Pros:Light and breezy, but also very interesting and thoughtful
Cons:Did Milano HAVE to pimp her clothing line and talk about her relationships with ballplayers?
The Bottom Line: Where there is baseball, you'll find Alyssa Milano, and you'll hardly be able to argue that being a bad thing.
Since the release of Alyssa Milano's book, Safe at Home, I've seen a lot of reviewers bashing Milano. The particularly disturbing aspect of it all, however, is that the bashing resembles the way movies critics race to bash notoriously terrible movies. It's as though there is a contest to think up the nastiest thing to say about the actress.
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This is very unfair to Milano. I once noted in a review I wrote about Brothers, a cancelled sitcom starring football legend Michael Strahan, that we want to judge celebrities according to their public talents. Hence, with Strahan being a football player, we're inclined to want to remember him as a great quarterback terrorizer and not give him half a chance as a TV funnyman. (Strahan was actually game to his TV role.) In the same way, we want Milano to be the hot TV star, and we think we know everything about her according to what she does onscreen. But Alyssa Milano has always been a huge baseball fan. She's made no secret of that. Her fandom is more than just daddy's little girl fandom too - Milano has done playoff coverage for TBS, created a line of clothes for sports fans, and writes a blog on the MLB website. To lightly dismiss Safe at Home just because Alyssa Milano wrote it is plain wrong.
Milano knows her baseball. She really, REALLY knows it. No, Safe at Home isn't an attempt to be Golenbock or Kahn. It isn't trying to be. All Safe at Home wants to be is the story of a girl and her team, and what the sport means to her.
Safe at Home is less about baseball than it is about baseball fandom. One chapter is about the heroes and villains of baseball. Another is about cheating. There is a chapter about good ways to pass the time during the offseason, a chapter about what Milano would do if given the commissioner's reigns for a few days, and a chapter about the ways baseball can potentially find you and turn you into a fan. I was a little less enthused about the fact that Milano threw in a chapter to pimp Touch, her line of sports clothing, but that's okay because the book doesn't revolve around it. It never even comes up until the twelfth chapter, and Safe at Home has thirteen chapters.
Much of Safe at Home revolves around Milano's relationship with baseball. Milano, for those who don't know, was a childhood star at one time, and we all know the tragic stories of many childhood stars. Reading Safe at Home, one gets the impression that it was her devotion to baseball which kept her grounded during her transition to adulthood. The sport also helps her feel closer to her family, especially her brother, with whom she confesses that she would like to drive from ballpark to ballpark and take in games with.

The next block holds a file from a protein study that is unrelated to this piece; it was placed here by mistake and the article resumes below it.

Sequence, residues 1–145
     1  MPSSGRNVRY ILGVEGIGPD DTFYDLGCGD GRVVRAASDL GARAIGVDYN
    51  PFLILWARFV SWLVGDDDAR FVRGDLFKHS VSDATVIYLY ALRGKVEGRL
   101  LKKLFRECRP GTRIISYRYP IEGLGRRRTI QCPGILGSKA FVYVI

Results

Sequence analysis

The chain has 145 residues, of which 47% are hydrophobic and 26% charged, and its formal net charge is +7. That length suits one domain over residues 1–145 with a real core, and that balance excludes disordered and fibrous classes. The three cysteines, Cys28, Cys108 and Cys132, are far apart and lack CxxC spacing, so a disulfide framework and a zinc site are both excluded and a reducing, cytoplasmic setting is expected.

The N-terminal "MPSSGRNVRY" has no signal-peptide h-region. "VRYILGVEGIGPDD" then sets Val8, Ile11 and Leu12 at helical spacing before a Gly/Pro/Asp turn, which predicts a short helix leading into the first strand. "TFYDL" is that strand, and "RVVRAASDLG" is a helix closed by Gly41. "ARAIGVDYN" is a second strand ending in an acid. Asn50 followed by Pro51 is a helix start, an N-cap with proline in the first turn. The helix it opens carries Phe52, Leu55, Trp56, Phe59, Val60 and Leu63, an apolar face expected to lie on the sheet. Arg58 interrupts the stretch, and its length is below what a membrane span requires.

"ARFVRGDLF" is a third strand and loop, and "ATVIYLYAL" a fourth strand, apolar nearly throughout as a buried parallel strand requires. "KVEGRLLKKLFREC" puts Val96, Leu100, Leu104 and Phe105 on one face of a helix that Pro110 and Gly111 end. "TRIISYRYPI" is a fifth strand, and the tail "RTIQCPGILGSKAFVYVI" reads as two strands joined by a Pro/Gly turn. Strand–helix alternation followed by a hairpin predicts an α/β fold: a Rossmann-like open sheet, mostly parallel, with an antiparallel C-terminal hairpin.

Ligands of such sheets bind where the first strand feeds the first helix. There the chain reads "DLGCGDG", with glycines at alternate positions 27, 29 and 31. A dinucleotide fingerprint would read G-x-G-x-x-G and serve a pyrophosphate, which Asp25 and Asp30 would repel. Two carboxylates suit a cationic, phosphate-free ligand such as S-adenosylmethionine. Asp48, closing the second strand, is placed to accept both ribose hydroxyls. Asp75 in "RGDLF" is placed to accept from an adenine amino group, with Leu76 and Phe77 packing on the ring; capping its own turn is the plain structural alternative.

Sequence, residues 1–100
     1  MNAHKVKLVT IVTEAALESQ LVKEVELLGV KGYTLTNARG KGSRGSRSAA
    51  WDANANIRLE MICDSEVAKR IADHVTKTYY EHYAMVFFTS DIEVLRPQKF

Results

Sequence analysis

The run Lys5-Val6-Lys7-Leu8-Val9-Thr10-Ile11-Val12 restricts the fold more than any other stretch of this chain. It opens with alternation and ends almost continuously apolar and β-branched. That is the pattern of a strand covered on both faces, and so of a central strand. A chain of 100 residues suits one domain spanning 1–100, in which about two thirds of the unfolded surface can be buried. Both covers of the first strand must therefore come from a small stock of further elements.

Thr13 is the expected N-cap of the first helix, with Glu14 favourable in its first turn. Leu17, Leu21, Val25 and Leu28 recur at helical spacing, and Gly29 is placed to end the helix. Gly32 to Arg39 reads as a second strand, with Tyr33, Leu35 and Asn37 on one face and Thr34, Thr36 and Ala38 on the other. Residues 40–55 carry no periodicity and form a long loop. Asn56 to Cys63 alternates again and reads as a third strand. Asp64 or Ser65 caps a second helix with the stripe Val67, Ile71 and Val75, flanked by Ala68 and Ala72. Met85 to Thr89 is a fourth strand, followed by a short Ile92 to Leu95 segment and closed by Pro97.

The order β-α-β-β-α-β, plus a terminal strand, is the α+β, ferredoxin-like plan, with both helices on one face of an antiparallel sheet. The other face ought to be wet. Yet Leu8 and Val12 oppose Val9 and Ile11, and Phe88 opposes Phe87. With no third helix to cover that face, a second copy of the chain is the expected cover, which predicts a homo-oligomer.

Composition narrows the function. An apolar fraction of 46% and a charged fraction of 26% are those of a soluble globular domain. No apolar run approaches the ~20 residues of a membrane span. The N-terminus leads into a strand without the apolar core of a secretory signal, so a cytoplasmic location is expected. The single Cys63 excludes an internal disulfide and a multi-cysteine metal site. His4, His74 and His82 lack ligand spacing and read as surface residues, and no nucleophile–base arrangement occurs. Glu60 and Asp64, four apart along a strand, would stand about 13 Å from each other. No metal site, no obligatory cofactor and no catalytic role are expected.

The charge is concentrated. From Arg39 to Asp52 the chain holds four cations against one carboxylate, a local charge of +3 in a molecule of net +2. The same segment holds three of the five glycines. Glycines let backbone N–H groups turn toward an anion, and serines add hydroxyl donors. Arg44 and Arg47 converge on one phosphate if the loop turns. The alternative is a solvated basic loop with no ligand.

Safe at Home is interspersed with quick sidebars called Wild Pitches. These are informative little sections which trail off the given topic of a chapter and focus on things that are unique or odd. One Wild Pitch is about the two most infamous promotions that ever happened to baseball - I refer, of course, to Cleveland's Ten-cent Beer Night and Disco Demolition Night for the Chicago White Sox. Another is about the wife swap which occurred between two Yankee players, and another focuses on baseball clothing through the decades.
Alyssa Milano of course once had a reputation for being a serial dater of baseball players. I guess she suspected that a lot of reviewers would bring the subject up, so she preempted us on the issue. In one chapter, she sets the record straight on who she's dated, who she hasn't, and why she dated so many ballplayers. Honestly, I didn't need her to justify this - it's her life, after all. But what she does after getting it out of the way is segue into advice on what to do if your loved ones don't quite share your love of baseball. She talks about what she does to get her own loved ones into it and how they work.
Milano's chapter about The Numbers - baseball statistics - is short and quick and doesn't give a whole lot of great insight on what many of the numbers are. It's mainly in the book to talk about the meaning of the numbers. Her chapter about how to actually BE a better fan is funny and heartwarming and includes short anecdotes about the way her family acts in their fandom; it also offers pretty good advice on how to actually be a better fan.
Overall, Safe at Home is a very random but worthwhile read by one of the most famous and knowledgeable baseball fans in the country. It's very difficult to sum it all up in a single review. But it's breezily written and easily read and offers a lot of well-reasoned insight on how a game can be an obsession.
This review was just published on Lit Bases, my blog on baseball literature.
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